Imagine a future in which America’s local governments are renowned for innovation.
Across the country and the world, local governments are striving to break through obsolete ways of working to address the challenges of the 21st century, especially on issues facing low-income residents. Here in the United States, economic opportunity in cities remains elusive for many -- a fact made all the more significant as the nation heads towards a future in which a majority of its residents are people of color. Around the world, cities are growing at astonishing rates, bringing with that growth new challenges in terms of environmental sustainability, economic opportunity and quality of life. In a time of such rapid change, our local government colleagues are eager to adapt how they do business in order to produce materially different results.
Approaching this change of the status quo requires fundamental shifts to the culture of government itself. Bureaucracy has its own center of gravity, and well-conceived policies can skew the way they are implemented instead of focusing on their intended beneficiaries. Government culture may also promote policies that are considered “sure proof”, but do not produce maximum impact for residents, and avoid ideas that are out of the box, even if they can produce great rewards. Balancing between sweeping change and inaction can leave little room for experimentation.
The good news is that cities are actively chipping away at these barriers to innovation. In Louisville, Ky., Mayor Greg Fischer has sought to build a local government culture akin to that of a high-performing business, rooted in the value of compassion. In Nashville, Tenn., the City’s innovation team partners with the Nashville Entrepreneur Center to train human services staff in leading innovation techniques. The participants in turn become ambassadors and skill-builders within their departments. In Philadelphia, the city is experimenting with different forms of outreach to seniors in order to boost enrollment in taxpayer benefits. As these practices reach the core of government operations, the potential for impact is profound.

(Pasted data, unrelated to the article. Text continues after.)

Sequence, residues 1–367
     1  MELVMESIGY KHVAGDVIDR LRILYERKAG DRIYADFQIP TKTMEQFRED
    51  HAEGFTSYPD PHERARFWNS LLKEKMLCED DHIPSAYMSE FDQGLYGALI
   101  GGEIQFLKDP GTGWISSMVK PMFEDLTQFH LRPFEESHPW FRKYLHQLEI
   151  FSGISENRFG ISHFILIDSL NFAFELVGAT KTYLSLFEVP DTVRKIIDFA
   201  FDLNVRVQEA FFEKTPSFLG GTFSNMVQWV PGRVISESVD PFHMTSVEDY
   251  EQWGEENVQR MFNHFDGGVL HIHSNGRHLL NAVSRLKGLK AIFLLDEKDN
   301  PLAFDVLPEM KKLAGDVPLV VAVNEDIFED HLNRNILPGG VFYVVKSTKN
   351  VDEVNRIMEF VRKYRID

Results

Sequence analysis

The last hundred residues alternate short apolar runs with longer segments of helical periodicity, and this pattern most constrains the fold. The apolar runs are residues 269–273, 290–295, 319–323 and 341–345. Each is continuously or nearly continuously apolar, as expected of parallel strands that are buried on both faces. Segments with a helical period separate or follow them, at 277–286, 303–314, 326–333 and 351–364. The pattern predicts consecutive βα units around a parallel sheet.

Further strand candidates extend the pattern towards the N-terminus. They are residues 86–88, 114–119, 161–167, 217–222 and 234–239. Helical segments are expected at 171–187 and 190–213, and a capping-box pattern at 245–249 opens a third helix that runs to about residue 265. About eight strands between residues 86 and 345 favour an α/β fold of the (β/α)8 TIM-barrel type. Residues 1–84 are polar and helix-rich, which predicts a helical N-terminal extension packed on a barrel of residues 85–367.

Each of these cities is participating in the first cohort of the City Accelerator, a $3 million program of Living Cities supported by the Citi Foundation. This cohort focuses on making innovation course-of-business and is led by Nigel Jacob, co-founder of the Office of New Urban Mechanics in Boston, one of the world’s leading local government innovation practices.
We are pleased to release a guide that we’ve developed to make it easier for cities to build enduring cultures and practices of innovation. Built on and inspired by many of the underlying successes of efforts like New Urban Mechanics, Bloomberg Philanthropies Innovation Delivery Teams and more, the implementation guide offers practical action steps and helpful examples for local government officials to adapt and adopt. We will update the guide as we learn from the work of the City Accelerator cohort and build out additional content to help cities implement what we learn.
We are inspired by the leadership on innovation that is virally spreading throughout the United States -- including in the City Accelerator cohort cities -- and pleased to be able to contribute to the growing body of knowledge local governments can use to innovate as a matter of course. We invite feedback and reactions from readers.
This article was originally published by Governing.
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